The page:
Summary: Dynamical Systems Theory and Hashing
Chaouki T. Abdallah y Gregory L. Heileman y Bernard M. E. Moret z Bradley J. Smith y
chaouki@eece.unm.edu heileman@eece.unm.edu moret@cs.unm.edu bsmith@eece.unm.edu
Deparment of Electrical and Computer Engineering y
Deparment of Computer Science z
University of New Mexico
Albuquerque, NM 87131
Summary
Number theory and statistics have been used to justify the use of various probing strategies for
hashing with open addressing. We show how measures from nonlinear dynamical systems theory
can be used to analyze the behavior of different probing strategies. The usefulness of this approach
is demonstrated on a number of widely used hash functions. An important connection we make
between hashing and nonlinear dynamics is that many of the properties of a good probe sequence
are precisely those that define a chaotic dynamical system. As a specific example, we show that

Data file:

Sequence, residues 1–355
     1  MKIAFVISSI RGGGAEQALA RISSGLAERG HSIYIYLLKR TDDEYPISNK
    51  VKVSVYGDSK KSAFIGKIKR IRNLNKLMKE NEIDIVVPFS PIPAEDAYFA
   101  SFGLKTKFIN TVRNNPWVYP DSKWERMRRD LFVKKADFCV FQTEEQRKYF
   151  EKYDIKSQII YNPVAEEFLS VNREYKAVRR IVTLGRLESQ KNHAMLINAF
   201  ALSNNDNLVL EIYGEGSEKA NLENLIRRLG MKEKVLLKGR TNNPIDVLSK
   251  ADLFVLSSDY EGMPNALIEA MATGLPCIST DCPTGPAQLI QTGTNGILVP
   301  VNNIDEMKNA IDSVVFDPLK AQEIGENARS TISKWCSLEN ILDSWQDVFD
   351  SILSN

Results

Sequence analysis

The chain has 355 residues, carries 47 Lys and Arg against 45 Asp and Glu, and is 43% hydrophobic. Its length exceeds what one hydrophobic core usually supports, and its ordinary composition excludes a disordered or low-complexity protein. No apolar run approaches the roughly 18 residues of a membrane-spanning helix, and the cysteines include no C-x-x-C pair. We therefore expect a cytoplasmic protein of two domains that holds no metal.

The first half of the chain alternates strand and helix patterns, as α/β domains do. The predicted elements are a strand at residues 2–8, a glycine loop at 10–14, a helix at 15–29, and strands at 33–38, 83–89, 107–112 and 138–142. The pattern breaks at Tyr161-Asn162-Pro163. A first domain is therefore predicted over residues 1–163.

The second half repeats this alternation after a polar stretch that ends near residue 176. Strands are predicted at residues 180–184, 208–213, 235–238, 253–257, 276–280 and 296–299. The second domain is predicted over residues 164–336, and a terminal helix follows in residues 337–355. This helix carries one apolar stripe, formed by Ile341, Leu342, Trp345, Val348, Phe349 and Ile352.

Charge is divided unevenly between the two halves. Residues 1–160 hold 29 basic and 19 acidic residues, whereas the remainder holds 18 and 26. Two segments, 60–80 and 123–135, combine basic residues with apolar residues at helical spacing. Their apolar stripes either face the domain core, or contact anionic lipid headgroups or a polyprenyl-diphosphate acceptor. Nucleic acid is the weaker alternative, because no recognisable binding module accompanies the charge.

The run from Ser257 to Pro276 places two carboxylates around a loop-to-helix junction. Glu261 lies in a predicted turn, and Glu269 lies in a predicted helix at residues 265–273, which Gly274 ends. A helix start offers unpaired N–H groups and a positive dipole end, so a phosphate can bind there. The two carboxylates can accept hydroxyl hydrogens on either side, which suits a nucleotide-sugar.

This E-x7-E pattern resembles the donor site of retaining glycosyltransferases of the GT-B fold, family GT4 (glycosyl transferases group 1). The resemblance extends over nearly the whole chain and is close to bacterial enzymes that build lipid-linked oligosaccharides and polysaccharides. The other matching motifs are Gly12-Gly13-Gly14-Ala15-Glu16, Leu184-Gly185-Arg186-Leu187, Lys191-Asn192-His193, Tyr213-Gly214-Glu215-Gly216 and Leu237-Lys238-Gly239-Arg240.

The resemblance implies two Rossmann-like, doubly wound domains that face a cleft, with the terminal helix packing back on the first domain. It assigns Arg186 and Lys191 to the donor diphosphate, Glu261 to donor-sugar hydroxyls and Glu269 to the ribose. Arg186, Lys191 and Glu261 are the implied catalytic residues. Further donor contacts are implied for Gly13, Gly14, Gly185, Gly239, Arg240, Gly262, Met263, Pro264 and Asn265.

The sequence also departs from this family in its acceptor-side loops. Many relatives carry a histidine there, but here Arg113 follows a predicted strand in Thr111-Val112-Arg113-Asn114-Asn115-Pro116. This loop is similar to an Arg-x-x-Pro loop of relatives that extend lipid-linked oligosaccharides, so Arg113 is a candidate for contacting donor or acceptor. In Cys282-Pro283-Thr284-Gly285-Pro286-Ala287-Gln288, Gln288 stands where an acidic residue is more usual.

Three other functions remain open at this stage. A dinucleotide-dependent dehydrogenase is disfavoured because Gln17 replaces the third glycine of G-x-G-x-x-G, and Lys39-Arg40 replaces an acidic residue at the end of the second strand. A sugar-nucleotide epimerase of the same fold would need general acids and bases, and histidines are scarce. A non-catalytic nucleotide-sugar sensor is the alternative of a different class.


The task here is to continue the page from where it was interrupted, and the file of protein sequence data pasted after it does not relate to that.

double hashing can be described as chaotic discretetime dynamical systems and use nonlinear
dynamical systems theory to quantify how well double hashing can be expected to perform.
The dynamical systems approach to the analysis of hash functions has also proven useful as
a design tool. We derive a new family of hash functions, called exponential hashing, from this
perspective and show that it improves on conventional double hashing. Theoretical results are
supported by experimentation which demonstrates that, for uniform data distributions, exponential